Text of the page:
8 ? 'ETH_CONNECTED'
9 : 'NEAR_CONNECTED'
10 : 'DEFAULT';
11 },
12},

The other two states PENDING and MINING, are for when the button is waiting for a transaction to be approved or mined. These states are intermediate and the button has to be disabled, thats why they have no exec functions and the loading perameter is true. The last one disables the button and shows the loader instead of the picture on it.

1PENDING: {
2 label: 'Pending',
3 loading: true,
4 exec: null,
5},
6MINING: {
7 label: 'Mining',
8 loading: true,
9 exec: null,
10},

3. Connect the wallet#

We've defined all of the button's states and now we are going back to the DEFAULT. Here we have to add the button click action that connects the wallet.

This is a wallet.connect() method. It returns Promise<void>.

1exec: async (_, me) => {
2 me.state = 'PENDING';
3 try {
4 await wallet.connect();
5 } catch (err) {
6 console.log('Login ERROR:', err)
7 me.state = 'REJECTED';
8 return;
9 }
10 me.state = wallet.authMethod === 'ethereum/goerli' ? 'ETH_CONNECTED' : 'NEAR_CONNECTED';
11},

After a successful connection the button switches the state to ETH_CONNECTED' or NEAR_CONNECTED depending on which wallet has been chosen.

If the connection was cancelled we switch the state to REJECTED.

4. Send the necessary data to Ethereum wallet and listen to the response#

Firstly, add a check of the wallet.authMethod. If we implement the states' switching correctly it will always be ethereum/goerli. But if we make a mistake the check will save us from an error. Also, after the check the typescript compiler will understand exactly the type of the wallet we use.

1exec: async (_, me) => {
2 if (wallet.authMethod === 'ethereum/goerli') {
3 /*
4 ...
5 */
6 } else if (wallet.authMethod === 'near/testnet') {
7 me.state = 'NEAR_CONNECTED';
8 } else {
9 me.state = 'DEFAULT';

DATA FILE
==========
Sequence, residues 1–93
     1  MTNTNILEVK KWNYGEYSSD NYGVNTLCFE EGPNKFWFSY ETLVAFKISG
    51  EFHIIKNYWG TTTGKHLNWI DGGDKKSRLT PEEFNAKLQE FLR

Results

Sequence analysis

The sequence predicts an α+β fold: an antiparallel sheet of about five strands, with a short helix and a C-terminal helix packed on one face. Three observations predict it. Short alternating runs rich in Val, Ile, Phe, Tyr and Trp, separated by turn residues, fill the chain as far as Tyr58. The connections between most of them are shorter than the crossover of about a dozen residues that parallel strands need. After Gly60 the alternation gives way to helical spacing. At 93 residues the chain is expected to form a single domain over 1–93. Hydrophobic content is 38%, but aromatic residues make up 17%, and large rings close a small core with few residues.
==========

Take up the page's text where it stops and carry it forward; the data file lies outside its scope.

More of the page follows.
10 }
11},

Switch the button's state to PENDING.

me.state = 'PENDING';

If we haven't got the currentEthAddresses yet, we need to get it using the wallet.request() method. This method is used for all requests to the Ethereum wallet. It recieves a config with two required parameters: method and params. The method parameter of the string type is one of the Ethereum JSON-RPC methods. params is an array of parameters that are passed to the method.

We use the eth_accounts JSON-RPC method with an empty array as the params value.

1if (!currentEthAddresses) {
2 try {
3 currentEthAddresses = await wallet.request({ method: 'eth_accounts', params: [] });
4 } catch (err) {
5 console.log('Get ETH accounts ERROR:', err)
6 me.state = 'REJECTED';
7 return;
8 }
9}

The next step is to send tokens. We use the eth_sendTransaction method. It requires three parameters: from, to and value. From and to are the same in our example. It is the current Ethereum address. Value is a transfer amount in Wei with a string representation of a hexadecimal number.

1try {
2 const transferAmount = BigInt(transferAmountEth * 1_000_000) * BigInt(1_000_000_000_000);
3 const transactionHash = await wallet.request({
4 method: 'eth_sendTransaction',
5 params: [
6 {
7 from: currentEthAddresses[0],
8 to: currentEthAddresses[0],
9 value: transferAmount.toString(16),
10 },
11 ],
12 });
13 console.log('transactionHash', transactionHash)
14 me.state = 'MINING';
15 /*
16 ...
17 */
18} catch (err) {
19 console.log('Transaction ERROR:', err)
20 me.state = 'REJECTED';
21}

When the transaction is approved by the user we will get the transaction hash. It's time to switch the button's state to MINING.

Now all we can do is wait for the the chain to confirm the transaction. We have the wallet.waitTransaction() method. It receives two parameters:

  • txHash: string - (required) a transaction hash returned from wallet.request();
  • confirmations?: number - (optional, default === 1) the number of blocks confirming the transaction;

and returns Promise<ITransactionReceipt>. ITransactionReceipt has a status property that can tell us if the transaction has been completed successfully ("0x1") or failed ("0x0"). We can set an appropriate state for the button.

1try {
2 const transactionReceipt = await wallet.waitTransaction(transactionHash, 2);
3 console.log('transactionReceipt', transactionReceipt)
4 await wallet.disconnect();
5 me.state = transactionReceipt.status === "0x1" ? 'COMPLETED' : 'FAILURE';
6} catch (err) {
7 console.log('Transaction waiting ERROR:', err)
8 me.state = 'FAILURE';
9}

After getting the transactionReceipt we disconnect the wallet. It is not required but convenient for our example. We can connect the wallet to another chain after sending the transaction.